NEWPORT BEACH — Some call it a weed. A scourge on the bay. Others, mainly fish, can't live without it.
Eelgrass, a type of seagrass found throughout Southern California bays, lines the shore in many parts of Newport Harbor and provides refuge and food for marine life. Because of strict environmental regulations, homeowners avoid disturbing the plant. Many haven't dredged their shorelines for years, and their boats and floating docks have begun to run aground.
Trying to strike a delicate balance between the recreational and environmental value of the bay, the city is proposing a novel plan to manage eelgrass. City officials are negotiating with federal and state regulators to allow homeowners to dredge under their docks without costly mitigation. But part of the plan relies on growing the unpredictable grass in other parts of Newport Harbor using methods never tested in Southern California.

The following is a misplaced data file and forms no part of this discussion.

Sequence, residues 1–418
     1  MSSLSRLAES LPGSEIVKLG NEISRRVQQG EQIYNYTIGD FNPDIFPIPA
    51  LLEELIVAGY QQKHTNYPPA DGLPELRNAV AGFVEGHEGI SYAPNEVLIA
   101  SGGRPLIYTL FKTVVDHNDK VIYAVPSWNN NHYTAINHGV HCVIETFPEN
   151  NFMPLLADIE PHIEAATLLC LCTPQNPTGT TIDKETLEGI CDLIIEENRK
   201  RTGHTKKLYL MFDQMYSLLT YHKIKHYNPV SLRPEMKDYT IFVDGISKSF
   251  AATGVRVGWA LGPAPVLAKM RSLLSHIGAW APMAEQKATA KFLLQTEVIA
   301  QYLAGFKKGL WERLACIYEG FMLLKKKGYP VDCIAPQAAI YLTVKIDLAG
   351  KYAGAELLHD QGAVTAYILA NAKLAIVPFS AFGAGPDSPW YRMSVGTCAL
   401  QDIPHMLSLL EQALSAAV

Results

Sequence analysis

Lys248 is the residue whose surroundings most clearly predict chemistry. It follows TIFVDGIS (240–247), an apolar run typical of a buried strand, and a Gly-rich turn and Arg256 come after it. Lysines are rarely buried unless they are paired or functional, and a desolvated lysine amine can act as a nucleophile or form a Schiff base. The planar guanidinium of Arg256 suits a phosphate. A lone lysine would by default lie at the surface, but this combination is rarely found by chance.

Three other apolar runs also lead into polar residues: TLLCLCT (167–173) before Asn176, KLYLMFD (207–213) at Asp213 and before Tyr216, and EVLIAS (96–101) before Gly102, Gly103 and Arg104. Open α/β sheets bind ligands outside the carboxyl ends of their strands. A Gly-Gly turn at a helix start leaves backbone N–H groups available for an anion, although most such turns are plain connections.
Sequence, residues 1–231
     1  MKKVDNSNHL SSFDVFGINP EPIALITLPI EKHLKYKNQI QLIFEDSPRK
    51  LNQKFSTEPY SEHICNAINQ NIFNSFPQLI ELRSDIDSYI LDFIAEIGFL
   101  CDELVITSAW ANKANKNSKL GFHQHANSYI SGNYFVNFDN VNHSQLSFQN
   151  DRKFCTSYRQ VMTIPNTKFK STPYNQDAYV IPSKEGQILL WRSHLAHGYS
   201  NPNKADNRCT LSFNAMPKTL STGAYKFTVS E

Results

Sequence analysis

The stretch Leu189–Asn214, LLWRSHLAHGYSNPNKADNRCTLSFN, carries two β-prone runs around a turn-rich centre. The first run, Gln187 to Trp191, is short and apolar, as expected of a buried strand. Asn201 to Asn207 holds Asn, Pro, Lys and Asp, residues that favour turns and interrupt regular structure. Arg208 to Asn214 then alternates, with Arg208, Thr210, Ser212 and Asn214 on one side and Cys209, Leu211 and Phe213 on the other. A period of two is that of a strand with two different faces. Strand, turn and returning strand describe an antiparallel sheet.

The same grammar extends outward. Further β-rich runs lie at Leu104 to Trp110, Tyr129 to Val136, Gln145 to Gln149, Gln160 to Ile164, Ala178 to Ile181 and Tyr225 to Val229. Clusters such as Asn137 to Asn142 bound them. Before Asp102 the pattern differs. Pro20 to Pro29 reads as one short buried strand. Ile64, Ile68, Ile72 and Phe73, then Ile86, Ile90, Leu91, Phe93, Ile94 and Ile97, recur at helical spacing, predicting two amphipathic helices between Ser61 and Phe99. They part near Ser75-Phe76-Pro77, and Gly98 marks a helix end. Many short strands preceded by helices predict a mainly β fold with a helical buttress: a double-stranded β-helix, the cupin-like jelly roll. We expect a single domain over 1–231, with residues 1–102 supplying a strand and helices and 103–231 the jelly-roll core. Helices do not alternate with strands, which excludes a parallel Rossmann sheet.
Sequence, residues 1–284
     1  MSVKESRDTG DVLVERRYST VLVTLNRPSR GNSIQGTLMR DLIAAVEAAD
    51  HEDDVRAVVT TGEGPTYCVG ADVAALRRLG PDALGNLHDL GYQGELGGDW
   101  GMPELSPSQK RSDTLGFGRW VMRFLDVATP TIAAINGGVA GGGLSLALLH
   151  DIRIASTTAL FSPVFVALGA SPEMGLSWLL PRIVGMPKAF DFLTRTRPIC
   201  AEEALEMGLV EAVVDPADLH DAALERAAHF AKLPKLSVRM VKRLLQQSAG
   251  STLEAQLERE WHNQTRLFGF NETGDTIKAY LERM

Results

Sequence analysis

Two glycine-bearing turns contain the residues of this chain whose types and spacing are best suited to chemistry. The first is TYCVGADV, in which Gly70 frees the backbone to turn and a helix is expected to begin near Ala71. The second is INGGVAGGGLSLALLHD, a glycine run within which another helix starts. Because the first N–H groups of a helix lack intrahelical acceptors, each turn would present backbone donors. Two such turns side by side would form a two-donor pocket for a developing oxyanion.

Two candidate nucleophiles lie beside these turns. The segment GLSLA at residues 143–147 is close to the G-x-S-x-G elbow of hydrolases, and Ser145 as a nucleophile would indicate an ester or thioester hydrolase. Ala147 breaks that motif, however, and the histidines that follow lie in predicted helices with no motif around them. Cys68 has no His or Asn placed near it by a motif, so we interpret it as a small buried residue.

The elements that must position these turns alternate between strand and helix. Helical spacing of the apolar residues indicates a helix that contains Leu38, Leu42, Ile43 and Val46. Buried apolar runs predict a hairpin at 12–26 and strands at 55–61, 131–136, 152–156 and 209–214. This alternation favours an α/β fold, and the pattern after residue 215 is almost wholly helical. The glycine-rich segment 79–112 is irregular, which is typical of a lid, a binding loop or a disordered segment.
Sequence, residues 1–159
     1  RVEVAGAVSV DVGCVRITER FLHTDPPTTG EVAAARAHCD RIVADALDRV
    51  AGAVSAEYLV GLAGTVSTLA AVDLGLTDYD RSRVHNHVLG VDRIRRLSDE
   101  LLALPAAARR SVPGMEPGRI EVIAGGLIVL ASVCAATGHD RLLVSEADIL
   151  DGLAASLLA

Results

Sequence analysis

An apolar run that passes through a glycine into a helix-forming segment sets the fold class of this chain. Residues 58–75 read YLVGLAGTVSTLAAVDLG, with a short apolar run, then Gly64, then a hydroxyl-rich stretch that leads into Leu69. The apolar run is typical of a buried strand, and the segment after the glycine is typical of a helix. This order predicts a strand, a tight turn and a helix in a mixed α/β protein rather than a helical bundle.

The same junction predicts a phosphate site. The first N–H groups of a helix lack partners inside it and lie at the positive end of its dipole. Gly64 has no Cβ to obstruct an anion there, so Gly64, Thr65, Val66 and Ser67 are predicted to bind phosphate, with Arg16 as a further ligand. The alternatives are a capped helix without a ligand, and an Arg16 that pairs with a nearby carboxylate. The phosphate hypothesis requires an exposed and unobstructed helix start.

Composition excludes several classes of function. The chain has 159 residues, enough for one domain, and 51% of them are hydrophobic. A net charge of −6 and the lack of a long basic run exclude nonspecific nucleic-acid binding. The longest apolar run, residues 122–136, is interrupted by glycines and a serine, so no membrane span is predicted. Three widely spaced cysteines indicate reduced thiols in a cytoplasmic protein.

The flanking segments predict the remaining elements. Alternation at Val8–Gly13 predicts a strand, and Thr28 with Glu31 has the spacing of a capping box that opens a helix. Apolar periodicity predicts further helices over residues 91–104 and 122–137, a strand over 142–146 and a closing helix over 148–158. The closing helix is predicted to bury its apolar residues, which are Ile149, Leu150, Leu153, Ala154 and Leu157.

"We are trying to make things work for our residents, yet recognize the importance of eelgrass," said Chris Miller, the city's harbor resources manager.